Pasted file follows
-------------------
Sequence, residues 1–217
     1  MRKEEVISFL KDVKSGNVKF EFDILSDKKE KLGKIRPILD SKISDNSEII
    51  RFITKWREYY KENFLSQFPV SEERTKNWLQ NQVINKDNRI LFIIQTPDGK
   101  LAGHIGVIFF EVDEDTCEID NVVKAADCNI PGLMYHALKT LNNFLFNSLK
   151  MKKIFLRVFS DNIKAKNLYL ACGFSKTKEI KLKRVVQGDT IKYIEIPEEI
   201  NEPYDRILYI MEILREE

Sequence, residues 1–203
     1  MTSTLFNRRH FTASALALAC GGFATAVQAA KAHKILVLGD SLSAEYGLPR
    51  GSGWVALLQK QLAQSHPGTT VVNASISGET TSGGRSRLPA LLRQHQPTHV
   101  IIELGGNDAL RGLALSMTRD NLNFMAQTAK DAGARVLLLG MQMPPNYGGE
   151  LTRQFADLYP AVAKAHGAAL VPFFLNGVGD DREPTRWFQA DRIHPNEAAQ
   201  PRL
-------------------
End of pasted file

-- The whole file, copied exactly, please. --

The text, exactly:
Sequence, residues 1–217
     1  MRKEEVISFL KDVKSGNVKF EFDILSDKKE KLGKIRPILD SKISDNSEII
    51  RFITKWREYY KENFLSQFPV SEERTKNWLQ NQVINKDNRI LFIIQTPDGK
   101  LAGHIGVIFF EVDEDTCEID NVVKAADCNI PGLMYHALKT LNNFLFNSLK
   151  MKKIFLRVFS DNIKAKNLYL ACGFSKTKEI KLKRVVQGDT IKYIEIPEEI
   201  NEPYDRILYI MEILREE

Sequence, residues 1–203
     1  MTSTLFNRRH FTASALALAC GGFATAVQAA KAHKILVLGD SLSAEYGLPR
    51  GSGWVALLQK QLAQSHPGTT VVNASISGET TSGGRSRLPA LLRQHQPTHV
   101  IIELGGNDAL RGLALSMTRD NLNFMAQTAK DAGARVLLLG MQMPPNYGGE
   151  LTRQFADLYP AVAKAHGAAL VPFFLNGVGD DREPTRWFQA DRIHPNEAAQ
   201  PRL